Each year I make a note to try pumpkin ice cream and each year I forget until the fall season is over where I'm no longer in the mood. This time, I didn't forget. I have a white board on my fridge where I've written all the pumpkin recipes I want to try, and this made the top of the list.
I know Ben is glad I didn't miss the opportunity this time. He loves this ice cream, and I do too! Although I bookmarked a couple of pumpkin ice cream recipes, David Lebovitz has never let me down, so I chose to go with one of his. Like his other ice cream concoctions I've tried, this is very creamy (my favorite texture)! It also has just the right amount of spices, resulting in a delicious fall delight!
Stay tuned for later in the week when I'll share how I matched this ice cream with another favorite fall treat.
Pumpkin Ice Cream
Yield: 1 quart
5 large egg yolks
1 ½ cups whole milk
1 cup heavy cream
⅓ cup plus 2 tablespoons sugar
¼ teaspoon ground ginger
½ teaspoon ground cinnamon
1 cinnamon stick
⅛ teaspoon ground nutmeg
¼ teaspoon kosher salt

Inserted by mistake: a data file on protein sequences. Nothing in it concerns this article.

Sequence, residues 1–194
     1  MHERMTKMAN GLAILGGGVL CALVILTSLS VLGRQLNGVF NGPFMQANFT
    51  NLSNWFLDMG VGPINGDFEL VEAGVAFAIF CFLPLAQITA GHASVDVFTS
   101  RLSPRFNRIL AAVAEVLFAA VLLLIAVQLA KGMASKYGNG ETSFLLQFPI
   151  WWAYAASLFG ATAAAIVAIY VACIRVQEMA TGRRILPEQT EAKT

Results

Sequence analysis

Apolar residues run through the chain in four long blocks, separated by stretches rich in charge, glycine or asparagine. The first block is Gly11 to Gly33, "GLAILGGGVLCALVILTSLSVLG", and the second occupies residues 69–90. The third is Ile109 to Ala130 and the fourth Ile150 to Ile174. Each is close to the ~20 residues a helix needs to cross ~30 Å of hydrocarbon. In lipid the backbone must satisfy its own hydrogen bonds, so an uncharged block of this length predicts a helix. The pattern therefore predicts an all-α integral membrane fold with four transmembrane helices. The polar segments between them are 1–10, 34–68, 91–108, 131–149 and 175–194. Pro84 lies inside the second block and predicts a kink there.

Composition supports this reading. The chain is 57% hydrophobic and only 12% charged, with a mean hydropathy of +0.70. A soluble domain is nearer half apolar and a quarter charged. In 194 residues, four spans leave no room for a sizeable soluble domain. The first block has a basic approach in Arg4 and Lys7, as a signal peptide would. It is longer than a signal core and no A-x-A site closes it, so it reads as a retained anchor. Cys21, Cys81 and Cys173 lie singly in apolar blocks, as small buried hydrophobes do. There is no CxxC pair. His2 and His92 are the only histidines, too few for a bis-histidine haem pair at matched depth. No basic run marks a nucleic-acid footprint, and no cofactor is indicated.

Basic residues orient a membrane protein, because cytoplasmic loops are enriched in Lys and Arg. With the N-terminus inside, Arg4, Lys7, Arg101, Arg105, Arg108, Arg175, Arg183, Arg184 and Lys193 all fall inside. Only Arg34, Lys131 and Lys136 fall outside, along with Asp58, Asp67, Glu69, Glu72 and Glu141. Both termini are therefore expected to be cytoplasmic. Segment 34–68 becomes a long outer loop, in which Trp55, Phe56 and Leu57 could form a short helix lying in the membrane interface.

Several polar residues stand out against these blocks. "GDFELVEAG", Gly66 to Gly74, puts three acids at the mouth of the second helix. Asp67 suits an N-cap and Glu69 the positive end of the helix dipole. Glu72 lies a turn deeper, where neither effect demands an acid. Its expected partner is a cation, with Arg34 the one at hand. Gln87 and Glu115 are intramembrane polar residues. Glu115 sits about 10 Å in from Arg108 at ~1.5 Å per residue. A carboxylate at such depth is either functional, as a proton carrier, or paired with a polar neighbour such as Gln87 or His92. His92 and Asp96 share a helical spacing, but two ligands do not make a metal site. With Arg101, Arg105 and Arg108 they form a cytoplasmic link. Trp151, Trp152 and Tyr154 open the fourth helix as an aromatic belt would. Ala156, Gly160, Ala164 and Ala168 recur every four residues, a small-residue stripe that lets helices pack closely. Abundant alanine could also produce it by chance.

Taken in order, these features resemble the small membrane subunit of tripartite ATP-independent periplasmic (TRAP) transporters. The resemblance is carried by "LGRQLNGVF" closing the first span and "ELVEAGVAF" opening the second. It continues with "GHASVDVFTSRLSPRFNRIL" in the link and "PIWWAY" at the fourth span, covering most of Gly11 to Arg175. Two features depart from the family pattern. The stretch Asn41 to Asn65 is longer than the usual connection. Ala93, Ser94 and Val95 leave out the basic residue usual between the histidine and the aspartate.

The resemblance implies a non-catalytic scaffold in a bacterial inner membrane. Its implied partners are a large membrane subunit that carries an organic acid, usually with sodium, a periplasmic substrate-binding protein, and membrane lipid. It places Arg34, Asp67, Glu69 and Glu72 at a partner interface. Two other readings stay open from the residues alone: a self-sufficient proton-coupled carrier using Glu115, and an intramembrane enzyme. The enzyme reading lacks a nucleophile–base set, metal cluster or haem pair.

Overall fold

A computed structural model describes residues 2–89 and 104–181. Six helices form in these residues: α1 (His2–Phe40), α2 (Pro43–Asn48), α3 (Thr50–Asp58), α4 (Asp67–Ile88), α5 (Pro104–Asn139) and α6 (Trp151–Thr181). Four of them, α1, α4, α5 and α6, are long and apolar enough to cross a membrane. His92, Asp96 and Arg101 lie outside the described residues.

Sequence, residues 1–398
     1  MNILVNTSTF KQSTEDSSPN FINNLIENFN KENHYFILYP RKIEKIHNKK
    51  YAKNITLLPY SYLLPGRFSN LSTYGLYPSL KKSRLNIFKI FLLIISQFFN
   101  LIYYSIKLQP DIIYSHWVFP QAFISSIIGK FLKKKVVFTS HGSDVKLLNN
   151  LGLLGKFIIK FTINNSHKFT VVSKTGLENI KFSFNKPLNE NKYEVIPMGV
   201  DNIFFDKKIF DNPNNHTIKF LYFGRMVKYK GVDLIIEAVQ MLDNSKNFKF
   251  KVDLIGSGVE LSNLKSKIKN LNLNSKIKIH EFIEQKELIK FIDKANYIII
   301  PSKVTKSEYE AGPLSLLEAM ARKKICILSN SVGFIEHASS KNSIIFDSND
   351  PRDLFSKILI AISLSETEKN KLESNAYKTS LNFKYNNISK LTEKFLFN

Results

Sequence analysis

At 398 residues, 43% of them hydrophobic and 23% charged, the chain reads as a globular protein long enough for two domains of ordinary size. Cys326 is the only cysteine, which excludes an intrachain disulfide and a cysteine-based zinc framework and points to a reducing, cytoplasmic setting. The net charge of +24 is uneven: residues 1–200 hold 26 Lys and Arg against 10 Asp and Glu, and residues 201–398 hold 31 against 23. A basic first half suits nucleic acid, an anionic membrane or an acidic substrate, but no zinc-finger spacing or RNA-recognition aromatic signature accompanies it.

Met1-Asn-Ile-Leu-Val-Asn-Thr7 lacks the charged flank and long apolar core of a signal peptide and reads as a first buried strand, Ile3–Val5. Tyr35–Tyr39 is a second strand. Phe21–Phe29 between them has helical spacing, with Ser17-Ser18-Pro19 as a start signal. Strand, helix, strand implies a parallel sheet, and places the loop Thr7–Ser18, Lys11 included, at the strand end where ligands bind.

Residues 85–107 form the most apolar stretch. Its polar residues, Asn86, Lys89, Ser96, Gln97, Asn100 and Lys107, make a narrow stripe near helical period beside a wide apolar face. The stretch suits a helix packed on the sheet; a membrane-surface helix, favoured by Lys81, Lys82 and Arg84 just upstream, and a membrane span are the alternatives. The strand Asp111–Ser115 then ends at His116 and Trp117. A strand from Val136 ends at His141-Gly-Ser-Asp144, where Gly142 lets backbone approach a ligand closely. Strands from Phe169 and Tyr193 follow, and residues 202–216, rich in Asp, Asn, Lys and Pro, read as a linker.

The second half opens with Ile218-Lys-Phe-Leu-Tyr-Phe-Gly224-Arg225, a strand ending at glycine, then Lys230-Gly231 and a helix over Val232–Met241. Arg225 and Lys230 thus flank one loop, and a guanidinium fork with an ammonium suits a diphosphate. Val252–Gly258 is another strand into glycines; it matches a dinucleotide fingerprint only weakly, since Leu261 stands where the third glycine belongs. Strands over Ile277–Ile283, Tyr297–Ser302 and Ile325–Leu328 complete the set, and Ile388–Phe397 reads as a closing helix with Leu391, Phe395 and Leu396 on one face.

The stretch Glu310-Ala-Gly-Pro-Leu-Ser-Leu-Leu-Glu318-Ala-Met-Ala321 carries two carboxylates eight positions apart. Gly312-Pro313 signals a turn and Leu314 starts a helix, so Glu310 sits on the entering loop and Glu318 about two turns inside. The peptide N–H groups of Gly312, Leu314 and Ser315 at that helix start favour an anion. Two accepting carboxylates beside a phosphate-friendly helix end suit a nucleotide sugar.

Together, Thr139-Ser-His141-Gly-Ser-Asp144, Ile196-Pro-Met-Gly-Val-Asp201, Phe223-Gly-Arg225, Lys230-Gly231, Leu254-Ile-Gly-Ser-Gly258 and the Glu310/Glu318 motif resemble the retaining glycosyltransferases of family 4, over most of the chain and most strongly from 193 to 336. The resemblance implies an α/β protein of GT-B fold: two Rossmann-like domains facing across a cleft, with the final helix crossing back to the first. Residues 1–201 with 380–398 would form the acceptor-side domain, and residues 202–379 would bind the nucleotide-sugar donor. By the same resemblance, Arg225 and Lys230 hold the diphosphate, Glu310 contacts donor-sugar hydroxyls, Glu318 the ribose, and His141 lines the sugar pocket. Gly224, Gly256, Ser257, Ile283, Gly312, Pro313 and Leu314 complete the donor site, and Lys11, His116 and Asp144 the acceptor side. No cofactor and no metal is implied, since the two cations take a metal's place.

¼ cup packed dark brown sugar
½ teaspoon vanilla extract
¾ cup pumpkin puree
In a small bowl, whisk the egg yolks: set aside.
Warm the milk, cream, sugar, spices and salt in a medium saucepan over medium heat until the edges begin to bubble. Meanwhile, prepare an ice bath by placing a medium-sized metal bowl in a larger bowl filled with some ice and a little water. Set a mesh strainer on top.
Gradually add half of the milk mixture into the egg yolks, whisking constantly. Turn the heat to low and scrape the yolks back in to the saucepan. Stir constantly, scraping the bottom with a heatproof spatula, until the mixture thickens and coats the spatula (between 160˚ - 170˚F).
Working quickly, pour mixture through the strainer and into the bowl with the ice bath. Stir in the brown sugar until dissolved and cooled. Chill thoroughly in the fridge, preferably overnight.
Once chilled, add the vanilla and pumpkin puree. Whisk until incorporated, then press through a fine-mesh strainer. Freeze in your ice cream maker according to manufacturer's instructions. Freeze for at least one hour before serving.
Source: Adapted from David Lebovitz, originally from The Craft of Baking, by Karen DeMasco